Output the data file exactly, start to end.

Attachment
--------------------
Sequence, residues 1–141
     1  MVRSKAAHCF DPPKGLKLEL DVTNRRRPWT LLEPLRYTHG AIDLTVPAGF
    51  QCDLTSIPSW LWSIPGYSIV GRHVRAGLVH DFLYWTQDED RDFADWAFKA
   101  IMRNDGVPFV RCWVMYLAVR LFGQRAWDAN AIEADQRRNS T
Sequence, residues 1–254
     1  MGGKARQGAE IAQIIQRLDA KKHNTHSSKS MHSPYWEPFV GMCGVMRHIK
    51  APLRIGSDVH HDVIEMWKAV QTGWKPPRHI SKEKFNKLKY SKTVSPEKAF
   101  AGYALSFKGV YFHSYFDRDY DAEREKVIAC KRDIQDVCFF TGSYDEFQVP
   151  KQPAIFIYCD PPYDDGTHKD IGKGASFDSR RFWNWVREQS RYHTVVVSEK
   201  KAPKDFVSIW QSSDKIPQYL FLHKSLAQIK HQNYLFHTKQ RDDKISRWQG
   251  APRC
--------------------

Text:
Sequence, residues 1–141
     1  MVRSKAAHCF DPPKGLKLEL DVTNRRRPWT LLEPLRYTHG AIDLTVPAGF
    51  QCDLTSIPSW LWSIPGYSIV GRHVRAGLVH DFLYWTQDED RDFADWAFKA
   101  IMRNDGVPFV RCWVMYLAVR LFGQRAWDAN AIEADQRRNS T
Sequence, residues 1–254
     1  MGGKARQGAE IAQIIQRLDA KKHNTHSSKS MHSPYWEPFV GMCGVMRHIK
    51  APLRIGSDVH HDVIEMWKAV QTGWKPPRHI SKEKFNKLKY SKTVSPEKAF
   101  AGYALSFKGV YFHSYFDRDY DAEREKVIAC KRDIQDVCFF TGSYDEFQVP
   151  KQPAIFIYCD PPYDDGTHKD IGKGASFDSR RFWNWVREQS RYHTVVVSEK
   201  KAPKDFVSIW QSSDKIPQYL FLHKSLAQIK HQNYLFHTKQ RDDKISRWQG
   251  APRC